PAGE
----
And seeing Gwen Stacy's fate played out on the big screen (come on, you know they have to go there) will be suitably epic.

Score: 1 for 1

2. You'd be interested in a Flash Gordon reboot.

Bryan Kristopowitz: Fact. I'm shocked that it's taken this long for someone to want to reboot Flash Gordon. Flash Gordon, as a character, has been around for decades, and with the recent exposure given to the 1980 cult classic movie version via Seth MacFarlane's Ted, what better time to do it? I do wonder, though, if this potential reboot will use the 1980's movie as inspiration or if the character's 1930 and 1940 adventures will be used. Or will the remake just rip off Star Wars, which is a sort of rip off of Flash Gordon? Will the total failure of John Carter at the box office command the direction the Gordon reboot takes?

Jason Chamberlain: Fact Oddly enough, as a child of the 80's, I somehow missed out on Flash Gordon. And I love sci fi and fantasy and all that jazz. For whatever reason, Flash is just one of the movies that never entered my world. I still haven't seen it, to be honest. The only familiarity I have with it is via the delightful references in Ted.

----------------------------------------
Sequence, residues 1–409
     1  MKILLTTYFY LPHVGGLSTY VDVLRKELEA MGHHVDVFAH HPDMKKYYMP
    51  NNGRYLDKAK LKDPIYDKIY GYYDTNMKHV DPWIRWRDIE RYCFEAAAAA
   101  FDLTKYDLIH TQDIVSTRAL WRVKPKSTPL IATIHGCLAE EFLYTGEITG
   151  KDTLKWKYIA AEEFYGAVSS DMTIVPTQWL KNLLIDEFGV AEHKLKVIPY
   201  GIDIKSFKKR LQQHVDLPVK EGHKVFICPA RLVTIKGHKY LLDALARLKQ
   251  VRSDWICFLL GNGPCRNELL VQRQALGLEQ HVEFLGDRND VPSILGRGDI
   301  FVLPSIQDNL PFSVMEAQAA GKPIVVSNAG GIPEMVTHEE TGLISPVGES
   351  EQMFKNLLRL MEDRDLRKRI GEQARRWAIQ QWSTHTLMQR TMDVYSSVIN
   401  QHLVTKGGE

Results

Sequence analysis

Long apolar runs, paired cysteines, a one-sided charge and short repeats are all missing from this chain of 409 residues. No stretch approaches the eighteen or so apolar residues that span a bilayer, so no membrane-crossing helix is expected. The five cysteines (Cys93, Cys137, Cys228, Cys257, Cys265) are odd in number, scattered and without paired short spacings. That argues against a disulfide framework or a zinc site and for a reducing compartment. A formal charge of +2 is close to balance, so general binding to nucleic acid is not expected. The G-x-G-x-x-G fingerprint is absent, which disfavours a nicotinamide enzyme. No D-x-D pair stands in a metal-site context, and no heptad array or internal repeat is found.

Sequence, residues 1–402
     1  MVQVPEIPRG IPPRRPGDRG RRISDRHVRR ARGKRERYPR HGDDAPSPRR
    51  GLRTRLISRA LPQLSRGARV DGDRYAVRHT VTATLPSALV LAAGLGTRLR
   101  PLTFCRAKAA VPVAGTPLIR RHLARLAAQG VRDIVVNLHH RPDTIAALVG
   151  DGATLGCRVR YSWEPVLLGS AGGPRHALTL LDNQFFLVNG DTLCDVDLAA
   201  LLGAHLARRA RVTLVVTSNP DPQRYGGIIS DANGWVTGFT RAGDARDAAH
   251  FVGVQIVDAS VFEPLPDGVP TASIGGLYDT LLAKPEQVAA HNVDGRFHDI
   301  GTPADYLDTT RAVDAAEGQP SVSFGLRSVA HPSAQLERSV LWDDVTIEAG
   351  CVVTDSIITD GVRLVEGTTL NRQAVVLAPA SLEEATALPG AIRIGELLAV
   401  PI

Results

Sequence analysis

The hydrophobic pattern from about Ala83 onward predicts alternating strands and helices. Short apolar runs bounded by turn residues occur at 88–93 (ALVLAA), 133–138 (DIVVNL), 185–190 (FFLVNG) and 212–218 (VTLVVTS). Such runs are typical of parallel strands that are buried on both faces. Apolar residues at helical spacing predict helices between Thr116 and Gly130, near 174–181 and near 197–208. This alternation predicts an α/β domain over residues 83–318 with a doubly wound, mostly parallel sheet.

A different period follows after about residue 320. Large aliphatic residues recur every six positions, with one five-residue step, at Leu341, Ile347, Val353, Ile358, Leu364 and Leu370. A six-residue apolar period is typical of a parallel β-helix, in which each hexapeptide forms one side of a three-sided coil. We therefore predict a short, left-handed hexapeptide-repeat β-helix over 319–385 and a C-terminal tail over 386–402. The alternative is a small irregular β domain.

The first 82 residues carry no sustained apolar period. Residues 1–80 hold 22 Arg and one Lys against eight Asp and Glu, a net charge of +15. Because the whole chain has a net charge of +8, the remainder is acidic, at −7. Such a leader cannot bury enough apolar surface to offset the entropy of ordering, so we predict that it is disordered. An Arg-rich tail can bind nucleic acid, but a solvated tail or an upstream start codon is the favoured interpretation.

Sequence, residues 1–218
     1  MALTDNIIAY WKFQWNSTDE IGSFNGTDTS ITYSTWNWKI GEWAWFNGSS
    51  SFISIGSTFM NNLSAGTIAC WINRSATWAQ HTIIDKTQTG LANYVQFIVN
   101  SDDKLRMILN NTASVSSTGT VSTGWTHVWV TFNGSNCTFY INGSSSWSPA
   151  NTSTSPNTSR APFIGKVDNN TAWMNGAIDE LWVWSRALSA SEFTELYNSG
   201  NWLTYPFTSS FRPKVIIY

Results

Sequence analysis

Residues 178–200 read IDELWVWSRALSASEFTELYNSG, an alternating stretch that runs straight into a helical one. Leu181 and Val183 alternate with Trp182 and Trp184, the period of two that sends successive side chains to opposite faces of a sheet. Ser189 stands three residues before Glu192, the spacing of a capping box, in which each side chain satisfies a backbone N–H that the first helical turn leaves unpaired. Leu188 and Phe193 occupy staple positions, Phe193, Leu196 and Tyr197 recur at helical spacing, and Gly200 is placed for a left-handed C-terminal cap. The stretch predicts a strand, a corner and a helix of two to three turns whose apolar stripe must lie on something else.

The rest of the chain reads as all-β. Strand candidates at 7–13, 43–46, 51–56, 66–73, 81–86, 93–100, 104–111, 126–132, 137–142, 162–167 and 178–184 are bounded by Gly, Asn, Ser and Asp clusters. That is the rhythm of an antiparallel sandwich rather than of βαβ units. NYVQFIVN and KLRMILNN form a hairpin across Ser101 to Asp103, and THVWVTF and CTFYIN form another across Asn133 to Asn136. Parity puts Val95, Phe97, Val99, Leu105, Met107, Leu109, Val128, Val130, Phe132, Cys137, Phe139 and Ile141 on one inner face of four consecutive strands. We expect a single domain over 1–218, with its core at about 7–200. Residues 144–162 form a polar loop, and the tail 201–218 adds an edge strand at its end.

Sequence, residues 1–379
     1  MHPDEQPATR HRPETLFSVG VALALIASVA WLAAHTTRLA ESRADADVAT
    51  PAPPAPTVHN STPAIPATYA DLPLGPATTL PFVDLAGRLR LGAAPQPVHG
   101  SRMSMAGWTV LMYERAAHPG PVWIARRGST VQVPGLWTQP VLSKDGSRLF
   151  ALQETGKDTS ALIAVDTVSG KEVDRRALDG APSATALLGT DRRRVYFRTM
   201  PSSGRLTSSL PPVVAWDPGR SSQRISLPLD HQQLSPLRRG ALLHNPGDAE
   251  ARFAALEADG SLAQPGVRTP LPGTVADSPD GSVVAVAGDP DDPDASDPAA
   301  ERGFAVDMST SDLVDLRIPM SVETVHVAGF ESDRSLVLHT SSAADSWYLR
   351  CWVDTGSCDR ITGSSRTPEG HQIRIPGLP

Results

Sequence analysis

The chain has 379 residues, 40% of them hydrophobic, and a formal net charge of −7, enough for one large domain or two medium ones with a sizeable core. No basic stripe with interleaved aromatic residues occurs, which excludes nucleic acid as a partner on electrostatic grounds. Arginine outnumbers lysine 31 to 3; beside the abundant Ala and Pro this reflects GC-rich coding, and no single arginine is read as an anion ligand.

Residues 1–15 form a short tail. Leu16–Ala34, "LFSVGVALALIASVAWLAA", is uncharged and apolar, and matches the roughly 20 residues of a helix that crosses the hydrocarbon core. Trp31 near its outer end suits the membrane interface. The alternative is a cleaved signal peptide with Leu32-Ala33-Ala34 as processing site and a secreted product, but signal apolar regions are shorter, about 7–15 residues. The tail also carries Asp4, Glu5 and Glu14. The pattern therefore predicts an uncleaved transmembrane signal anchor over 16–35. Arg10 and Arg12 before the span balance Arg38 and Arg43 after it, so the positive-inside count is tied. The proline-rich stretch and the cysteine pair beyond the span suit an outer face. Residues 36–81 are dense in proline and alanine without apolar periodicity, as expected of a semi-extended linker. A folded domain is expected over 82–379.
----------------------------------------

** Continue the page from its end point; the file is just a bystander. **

It does seem like a concept that is ripe for rebooting (not that the ripeness of a property is much of a concern for studios in that regard).

Score: 2 for 2

3. A big screen movie based on It's A Small World is a bad idea.

Bryan Kristopowitz: Fiction. It all really depends on what kind of movie Disney wants to make. Will it be a cartoon? Will it be live-action? Will it be some sort of weird hybrid? I mean, sure, the movie would have to overcome the whole "it's based on a ride!" thing, but with the ongoing mega success of the Pirates of the Caribbean franchise it probably wouldn't be that hard to get people to ignore the whole "ride" thing. I'm willing to give the idea a chance.